A tooth that belonged to an ancient giant shark has been stolen from a World Heritage site in Australia.
The 8-cm (3-inch) tooth went missing from a secret location in a park in the Ningaloo Coast World Heritage site in Western Australia, the BBC reported.
The fossil came from the Megalodon species, a giant predator that is believed to have gone extinct about 2.6 million years ago.
Authorities suspect the tooth was deliberately targeted by thieves, the BBC reported.
Arvid Hogstrom from Parks and Wildlife in Western Australia said the fossilized tooth had been dug up in the Cape Range National Park, but its precise location had not been revealed to the general public.
“It was definitely a secret,” Hogstrom said, according to Australia’s ABC News.
The fossil was one of two Megalodon teeth located in the UNESCO World Heritage-listed Ningaloo Coast.
“The worst part is they took the better specimen, which was not so well known,” said Hogstrom, according to the BBC.
“Our staff had actually physically covered it up with natural features to make sure it was hidden.”
Unlike the other tooth, it was not visited by tourists.
Hogstrom said only a small group of locals and others knew of its location. He said that it was his suspicion that an individual may have “unwittingly told someone who decided to do the wrong thing,” according to the BBC.
“But it only takes one person to tell the wrong person and we end up where we are now,” he said, ABC News reported.
According to Hogstrom, the fossil was most likely removed with a hammer or a chisel, in violation conservation and property laws. He added that the thief may try to sell the fossilized tooth.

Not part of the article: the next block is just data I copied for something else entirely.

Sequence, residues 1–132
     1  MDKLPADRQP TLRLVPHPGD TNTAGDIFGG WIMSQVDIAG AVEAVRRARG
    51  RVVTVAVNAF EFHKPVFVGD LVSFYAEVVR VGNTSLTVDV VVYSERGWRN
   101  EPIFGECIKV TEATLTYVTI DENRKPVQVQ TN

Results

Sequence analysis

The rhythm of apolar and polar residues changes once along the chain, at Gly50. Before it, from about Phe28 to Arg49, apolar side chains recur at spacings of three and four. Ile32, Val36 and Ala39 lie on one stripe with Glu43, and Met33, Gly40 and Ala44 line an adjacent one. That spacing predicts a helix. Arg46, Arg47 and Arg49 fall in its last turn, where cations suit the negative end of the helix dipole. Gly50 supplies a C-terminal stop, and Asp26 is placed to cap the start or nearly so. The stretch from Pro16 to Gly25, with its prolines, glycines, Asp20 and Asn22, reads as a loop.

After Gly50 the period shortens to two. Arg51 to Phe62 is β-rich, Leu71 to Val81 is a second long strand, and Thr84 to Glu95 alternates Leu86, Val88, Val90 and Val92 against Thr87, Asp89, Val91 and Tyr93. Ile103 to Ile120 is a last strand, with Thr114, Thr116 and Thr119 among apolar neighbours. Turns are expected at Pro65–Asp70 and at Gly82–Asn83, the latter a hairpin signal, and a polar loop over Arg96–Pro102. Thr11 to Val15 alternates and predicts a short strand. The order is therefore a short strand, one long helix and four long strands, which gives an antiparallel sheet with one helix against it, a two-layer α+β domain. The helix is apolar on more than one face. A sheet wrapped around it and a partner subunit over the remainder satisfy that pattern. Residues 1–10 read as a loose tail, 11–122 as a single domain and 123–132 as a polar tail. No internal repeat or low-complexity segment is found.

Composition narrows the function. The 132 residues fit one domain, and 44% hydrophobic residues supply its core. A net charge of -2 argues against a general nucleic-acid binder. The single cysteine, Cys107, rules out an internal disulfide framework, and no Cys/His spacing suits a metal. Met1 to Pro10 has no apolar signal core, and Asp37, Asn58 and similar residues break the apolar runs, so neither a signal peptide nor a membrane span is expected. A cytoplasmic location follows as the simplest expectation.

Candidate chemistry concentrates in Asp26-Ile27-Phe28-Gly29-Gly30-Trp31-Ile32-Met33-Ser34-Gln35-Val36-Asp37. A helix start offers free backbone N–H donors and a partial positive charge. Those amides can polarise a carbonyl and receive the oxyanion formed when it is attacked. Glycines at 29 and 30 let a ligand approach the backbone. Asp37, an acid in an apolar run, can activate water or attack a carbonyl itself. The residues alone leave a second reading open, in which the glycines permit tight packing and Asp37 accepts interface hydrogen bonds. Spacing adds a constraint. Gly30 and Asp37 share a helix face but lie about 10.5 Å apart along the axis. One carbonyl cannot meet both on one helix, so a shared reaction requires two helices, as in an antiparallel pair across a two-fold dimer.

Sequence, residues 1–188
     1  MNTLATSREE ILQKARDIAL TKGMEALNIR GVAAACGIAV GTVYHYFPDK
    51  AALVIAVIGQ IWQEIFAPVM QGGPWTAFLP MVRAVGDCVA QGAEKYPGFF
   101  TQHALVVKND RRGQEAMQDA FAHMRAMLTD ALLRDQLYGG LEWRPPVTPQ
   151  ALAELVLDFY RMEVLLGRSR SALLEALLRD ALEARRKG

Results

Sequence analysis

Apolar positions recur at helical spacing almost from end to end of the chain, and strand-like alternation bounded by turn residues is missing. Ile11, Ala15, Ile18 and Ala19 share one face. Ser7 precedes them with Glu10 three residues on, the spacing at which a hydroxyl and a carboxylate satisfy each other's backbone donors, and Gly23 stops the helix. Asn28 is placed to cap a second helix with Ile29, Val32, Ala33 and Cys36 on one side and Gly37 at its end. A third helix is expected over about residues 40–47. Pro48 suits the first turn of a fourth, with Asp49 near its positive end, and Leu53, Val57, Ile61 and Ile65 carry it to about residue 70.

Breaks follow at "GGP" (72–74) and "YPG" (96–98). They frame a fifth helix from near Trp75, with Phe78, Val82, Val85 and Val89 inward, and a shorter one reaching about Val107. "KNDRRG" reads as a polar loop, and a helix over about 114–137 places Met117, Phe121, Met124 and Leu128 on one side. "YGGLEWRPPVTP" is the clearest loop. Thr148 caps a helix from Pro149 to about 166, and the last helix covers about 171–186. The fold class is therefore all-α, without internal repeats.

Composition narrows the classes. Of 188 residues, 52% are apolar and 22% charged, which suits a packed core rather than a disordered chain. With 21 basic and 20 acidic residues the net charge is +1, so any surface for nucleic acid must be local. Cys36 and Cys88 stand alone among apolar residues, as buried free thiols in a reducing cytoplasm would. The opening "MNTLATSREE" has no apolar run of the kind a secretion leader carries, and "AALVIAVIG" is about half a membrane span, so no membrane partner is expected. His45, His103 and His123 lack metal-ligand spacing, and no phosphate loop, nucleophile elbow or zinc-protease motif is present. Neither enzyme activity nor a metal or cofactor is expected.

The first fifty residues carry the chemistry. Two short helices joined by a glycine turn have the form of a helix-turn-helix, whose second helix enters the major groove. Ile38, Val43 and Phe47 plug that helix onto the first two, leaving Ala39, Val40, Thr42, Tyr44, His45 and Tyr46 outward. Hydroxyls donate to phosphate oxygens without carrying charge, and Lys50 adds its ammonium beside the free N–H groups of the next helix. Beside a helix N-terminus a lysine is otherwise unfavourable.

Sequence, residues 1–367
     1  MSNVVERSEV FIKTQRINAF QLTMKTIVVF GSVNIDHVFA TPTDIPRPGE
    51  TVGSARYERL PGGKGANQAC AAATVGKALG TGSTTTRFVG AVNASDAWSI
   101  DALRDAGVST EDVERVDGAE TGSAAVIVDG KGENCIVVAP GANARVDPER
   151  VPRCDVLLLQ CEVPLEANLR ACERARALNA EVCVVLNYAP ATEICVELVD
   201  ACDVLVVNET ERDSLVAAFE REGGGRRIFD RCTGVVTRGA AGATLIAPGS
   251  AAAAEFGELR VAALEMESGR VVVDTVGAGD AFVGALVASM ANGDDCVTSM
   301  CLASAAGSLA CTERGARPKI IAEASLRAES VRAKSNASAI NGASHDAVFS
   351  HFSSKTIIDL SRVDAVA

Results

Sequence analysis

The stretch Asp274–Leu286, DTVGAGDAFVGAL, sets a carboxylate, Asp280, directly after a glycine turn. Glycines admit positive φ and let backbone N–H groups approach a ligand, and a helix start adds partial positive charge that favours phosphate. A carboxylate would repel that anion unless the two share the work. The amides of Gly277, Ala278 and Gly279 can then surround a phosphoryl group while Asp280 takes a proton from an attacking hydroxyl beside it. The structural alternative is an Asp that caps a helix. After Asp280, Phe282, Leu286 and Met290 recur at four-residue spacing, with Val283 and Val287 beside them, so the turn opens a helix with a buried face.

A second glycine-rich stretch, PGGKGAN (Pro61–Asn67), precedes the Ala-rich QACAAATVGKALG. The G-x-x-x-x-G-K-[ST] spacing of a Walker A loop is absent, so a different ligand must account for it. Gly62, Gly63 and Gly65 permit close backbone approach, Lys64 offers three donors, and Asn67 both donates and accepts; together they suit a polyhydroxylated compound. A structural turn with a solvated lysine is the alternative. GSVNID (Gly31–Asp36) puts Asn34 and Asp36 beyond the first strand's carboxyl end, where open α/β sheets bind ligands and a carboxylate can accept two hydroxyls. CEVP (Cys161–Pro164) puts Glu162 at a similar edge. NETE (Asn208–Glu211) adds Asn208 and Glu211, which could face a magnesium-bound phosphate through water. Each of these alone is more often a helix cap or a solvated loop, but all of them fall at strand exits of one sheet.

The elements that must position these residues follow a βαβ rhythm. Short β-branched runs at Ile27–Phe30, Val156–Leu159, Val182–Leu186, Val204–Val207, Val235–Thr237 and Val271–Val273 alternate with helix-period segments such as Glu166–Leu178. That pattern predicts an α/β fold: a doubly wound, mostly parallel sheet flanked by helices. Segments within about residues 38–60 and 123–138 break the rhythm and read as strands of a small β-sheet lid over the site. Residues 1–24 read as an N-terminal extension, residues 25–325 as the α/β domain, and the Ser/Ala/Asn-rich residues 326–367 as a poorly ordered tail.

“It could be someone who doesn’t know what they’ve taken. It could be an amateur collector who wants to add to their collection, or it could be someone who wants to trade it on the black market,” Hogstrom said, according to ABC.
The tooth was unusually well preserved for a specimen of its type.
“Normally, you would just get portions of the tooth, embedded in limestone, rather than an almost whole tooth,” Hogstrom said, according to the BBC.
Hogstrom said a number of ideas were considered to keep the tooth safe.
“We’ve been looking at everything from bulletproof glass covers and other sorts of cages to enclose it.
“But obviously someone’s got in there before we’ve been able to [secure it],” he said, according to ABC.
The Megalodon, a whale-eating shark, could grow up to 18 metres (59 feet) in length and weigh about 30 times more than the largest great white shark, according to the BBC.
Fossils of it have been found across the world, including in Europe, Africa, and the Americas.
From The Epoch Times